Written by: Peter Reed
The Tempest Overture; Carmina Orcadiana; Epitaph in memoriam Jiří Mucha; String Quartet No.1; String Quartet No.2; Intermezzo; En los Piňares de Jucar
Petr Zdvihal & Libor Ježek (violins); Anna Škreptáčová (oboe); Stamic Quartet; Ludmila Bartoničková (cor anglais); Alena Hellerová (soprano) & Jiří Zelba (oboe d’amore)
Czech Chamber Philharmonic Orchestra Pardubice
Friday, November 10, 2017, Sál Bohuslava Martinů, Academy of Performing Arts, Prague
The Tempest Overture; Macbeth – Suite; John Webster Songs; Piano Concerto; Sixteen Variations on an old Scottish Song
Irena Troupová (soprano); Patricia Goodson (piano)
Hradec Králové Philharmonic Orchestra
Andreas Sebastian Weiser
Recorded between 2013 & 2015 at Hradec Králové Philharmonic Hall, Czech Republic
ARCO DIVA UP 0192 2 231
63 minutes; ****
An unexpected connection between Scotland and the Czech Republic is in the process of establishing itself in the music of Geraldine Mucha (1917-2012). This long-lived composer’s father was Marcus Thomson, professor of vocal studies at the Royal Academy of Music and a crucial influence on his only child’s musical development, to the extent that she could write music before the alphabet. Father was a Scot – hence her life-long insistence that she was a Scotswoman – and she spent much time there. Her family was artistically very well connected, and life in London included musical luminaries such as Arnold Bax, Benjamin Dale, William Alwyn and Alan Bush, the last three her tutors when she started to study composition formally (also at the Royal Academy of Music) in 1935.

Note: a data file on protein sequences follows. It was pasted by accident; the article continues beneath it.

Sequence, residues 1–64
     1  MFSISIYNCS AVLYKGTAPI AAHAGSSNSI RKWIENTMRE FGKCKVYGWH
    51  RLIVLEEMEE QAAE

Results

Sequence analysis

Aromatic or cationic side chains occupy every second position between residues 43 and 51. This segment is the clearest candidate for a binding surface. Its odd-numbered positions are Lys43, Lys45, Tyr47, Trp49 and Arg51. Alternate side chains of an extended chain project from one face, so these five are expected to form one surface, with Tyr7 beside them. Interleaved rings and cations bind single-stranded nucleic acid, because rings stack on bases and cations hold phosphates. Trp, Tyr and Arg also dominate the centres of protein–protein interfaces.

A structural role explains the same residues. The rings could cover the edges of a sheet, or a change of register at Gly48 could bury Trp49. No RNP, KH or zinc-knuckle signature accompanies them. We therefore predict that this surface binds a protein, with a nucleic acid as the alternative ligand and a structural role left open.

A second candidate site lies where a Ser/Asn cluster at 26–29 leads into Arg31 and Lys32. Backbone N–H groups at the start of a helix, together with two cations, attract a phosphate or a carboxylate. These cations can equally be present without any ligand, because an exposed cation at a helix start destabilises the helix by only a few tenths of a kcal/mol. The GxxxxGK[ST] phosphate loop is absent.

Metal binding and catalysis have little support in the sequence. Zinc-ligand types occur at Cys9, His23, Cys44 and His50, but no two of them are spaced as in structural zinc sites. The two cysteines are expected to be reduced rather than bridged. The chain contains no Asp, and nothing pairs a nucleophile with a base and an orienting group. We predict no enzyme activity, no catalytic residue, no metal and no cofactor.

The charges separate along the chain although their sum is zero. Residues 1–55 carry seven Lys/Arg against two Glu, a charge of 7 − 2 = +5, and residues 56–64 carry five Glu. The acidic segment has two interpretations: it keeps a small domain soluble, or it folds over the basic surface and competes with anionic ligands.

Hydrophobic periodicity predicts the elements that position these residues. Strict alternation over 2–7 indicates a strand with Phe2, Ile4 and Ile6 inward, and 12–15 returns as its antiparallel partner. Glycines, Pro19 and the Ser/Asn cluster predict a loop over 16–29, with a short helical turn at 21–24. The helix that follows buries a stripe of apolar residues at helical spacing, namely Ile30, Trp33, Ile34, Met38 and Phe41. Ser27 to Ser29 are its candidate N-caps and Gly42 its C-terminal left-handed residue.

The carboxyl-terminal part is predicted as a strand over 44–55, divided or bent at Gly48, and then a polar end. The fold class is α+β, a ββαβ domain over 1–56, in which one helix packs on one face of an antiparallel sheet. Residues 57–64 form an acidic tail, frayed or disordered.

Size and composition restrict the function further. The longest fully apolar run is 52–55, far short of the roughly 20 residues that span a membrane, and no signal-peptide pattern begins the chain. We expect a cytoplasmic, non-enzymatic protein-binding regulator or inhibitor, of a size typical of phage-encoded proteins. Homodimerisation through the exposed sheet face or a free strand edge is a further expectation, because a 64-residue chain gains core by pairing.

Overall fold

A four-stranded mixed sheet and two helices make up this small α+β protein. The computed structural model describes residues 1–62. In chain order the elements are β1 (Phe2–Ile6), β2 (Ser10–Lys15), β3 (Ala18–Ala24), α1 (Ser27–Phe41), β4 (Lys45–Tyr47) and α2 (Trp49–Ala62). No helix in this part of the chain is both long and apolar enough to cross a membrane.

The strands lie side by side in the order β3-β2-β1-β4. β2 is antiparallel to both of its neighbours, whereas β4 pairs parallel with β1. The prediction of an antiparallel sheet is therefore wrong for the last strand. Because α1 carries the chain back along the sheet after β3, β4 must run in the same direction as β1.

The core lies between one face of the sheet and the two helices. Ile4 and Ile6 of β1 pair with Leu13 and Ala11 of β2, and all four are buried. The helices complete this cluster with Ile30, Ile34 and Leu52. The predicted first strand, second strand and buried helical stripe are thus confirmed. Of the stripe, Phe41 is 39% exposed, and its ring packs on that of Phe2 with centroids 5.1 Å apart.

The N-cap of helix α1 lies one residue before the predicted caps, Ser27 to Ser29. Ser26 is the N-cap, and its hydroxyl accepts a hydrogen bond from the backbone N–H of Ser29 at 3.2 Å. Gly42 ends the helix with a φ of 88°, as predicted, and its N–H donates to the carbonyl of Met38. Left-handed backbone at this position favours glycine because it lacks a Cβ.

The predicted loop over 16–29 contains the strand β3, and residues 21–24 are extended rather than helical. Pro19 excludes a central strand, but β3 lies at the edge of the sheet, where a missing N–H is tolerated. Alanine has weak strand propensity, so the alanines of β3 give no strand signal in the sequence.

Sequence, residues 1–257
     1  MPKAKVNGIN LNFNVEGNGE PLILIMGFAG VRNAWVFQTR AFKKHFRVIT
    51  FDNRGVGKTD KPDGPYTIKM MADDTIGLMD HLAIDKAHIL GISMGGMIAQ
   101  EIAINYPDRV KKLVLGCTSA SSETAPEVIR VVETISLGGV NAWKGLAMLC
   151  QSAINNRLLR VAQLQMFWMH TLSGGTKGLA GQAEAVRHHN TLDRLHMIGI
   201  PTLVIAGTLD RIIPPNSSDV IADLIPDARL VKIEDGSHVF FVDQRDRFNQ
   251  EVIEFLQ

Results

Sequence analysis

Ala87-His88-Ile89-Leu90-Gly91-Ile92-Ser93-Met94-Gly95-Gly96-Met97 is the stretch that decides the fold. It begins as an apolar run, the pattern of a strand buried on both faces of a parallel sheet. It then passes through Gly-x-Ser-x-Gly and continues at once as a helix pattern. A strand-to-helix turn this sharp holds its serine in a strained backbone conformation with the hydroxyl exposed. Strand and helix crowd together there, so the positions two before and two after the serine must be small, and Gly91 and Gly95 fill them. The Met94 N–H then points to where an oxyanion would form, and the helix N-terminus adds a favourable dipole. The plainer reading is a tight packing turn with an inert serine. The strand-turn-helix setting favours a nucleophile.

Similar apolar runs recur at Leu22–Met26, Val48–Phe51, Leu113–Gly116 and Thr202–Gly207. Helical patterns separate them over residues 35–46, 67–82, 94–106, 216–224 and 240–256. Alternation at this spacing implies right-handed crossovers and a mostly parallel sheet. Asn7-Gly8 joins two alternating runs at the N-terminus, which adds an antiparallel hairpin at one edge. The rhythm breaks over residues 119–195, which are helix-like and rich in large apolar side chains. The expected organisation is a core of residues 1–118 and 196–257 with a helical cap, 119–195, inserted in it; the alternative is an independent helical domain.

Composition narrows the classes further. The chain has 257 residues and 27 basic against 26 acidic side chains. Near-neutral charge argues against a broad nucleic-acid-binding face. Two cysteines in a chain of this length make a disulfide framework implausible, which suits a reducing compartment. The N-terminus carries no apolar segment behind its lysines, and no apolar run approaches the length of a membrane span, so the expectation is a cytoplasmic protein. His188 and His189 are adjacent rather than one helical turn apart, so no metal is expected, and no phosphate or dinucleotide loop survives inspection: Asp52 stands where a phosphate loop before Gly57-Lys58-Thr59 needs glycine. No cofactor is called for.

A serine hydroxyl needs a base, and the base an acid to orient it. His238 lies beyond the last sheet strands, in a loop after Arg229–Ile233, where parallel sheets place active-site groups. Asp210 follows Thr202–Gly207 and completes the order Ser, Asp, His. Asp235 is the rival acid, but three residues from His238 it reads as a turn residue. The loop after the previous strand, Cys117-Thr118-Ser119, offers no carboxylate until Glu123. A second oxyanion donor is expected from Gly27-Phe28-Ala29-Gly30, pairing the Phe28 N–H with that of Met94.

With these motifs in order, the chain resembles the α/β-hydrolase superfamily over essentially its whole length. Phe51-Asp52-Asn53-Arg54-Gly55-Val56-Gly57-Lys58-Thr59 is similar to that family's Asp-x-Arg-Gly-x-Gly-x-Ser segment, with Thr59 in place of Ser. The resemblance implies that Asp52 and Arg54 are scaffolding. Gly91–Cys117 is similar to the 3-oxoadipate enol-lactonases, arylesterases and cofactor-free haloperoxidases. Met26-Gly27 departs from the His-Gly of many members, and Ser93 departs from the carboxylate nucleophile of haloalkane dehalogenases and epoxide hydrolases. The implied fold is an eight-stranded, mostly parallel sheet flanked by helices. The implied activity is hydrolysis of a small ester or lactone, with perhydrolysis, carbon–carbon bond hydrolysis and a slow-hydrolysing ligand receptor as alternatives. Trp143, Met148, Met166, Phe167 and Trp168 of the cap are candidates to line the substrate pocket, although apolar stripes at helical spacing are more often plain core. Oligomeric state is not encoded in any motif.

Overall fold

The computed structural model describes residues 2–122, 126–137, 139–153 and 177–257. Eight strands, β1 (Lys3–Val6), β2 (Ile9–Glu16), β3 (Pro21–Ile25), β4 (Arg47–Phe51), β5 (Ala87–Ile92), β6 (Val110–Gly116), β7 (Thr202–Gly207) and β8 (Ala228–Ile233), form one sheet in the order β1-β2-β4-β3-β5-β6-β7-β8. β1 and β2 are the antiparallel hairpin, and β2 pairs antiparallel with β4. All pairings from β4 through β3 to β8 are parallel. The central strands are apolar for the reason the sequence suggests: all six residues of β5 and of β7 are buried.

Her life changed completely, when, in the early 1940s she met Jiří Mucha, a Czech war correspondent and the son of the artist Alphonse Mucha, one of the defining figures of the Art Nouveau movement – she never met her father-in-law, who died in 1939. She and Jiří married in 1942 and moved to Prague in 1945, at the end of the war. Life there became very hard with the communist annexation in 1948, and even harder in 1950 with Jiří’s arrest for espionage and subsequent brutal imprisonment. Geraldine became completely absorbed in protecting and, later, promoting Alphonse Mucha’s legacy, and there are hair-raising stories of her fending off communist attempts to seize the “decadent” (and increasingly valuable) collection, while her husband endured forced labour in the notorious uranium mines.
Somehow – in a life dominated by all sorts of restrictions that persisted through four decades until the collapse of the regime in 1989 – Geraldine Mucha not only kept one significant flame of Western culture alight while raising a family, she also steadily kept on composing, pragmatically veering towards smaller-scale music for more performance opportunities. I met her once, at the family’s 2002-3 New Year’s Eve party in their apartment in Prague castle, a treasure-trove of paintings and furniture, when she was merely in her vigorous eighties. There was whisky and Scottish-dancing, presided over by this amazingly complete, vital woman. She died ten years later, only two weeks after her ninety-fifth-birthday concert of orchestral works, which was recorded on DVD, along with an extensive interview. These are the barest bones of her life. Even so, it is quite a story.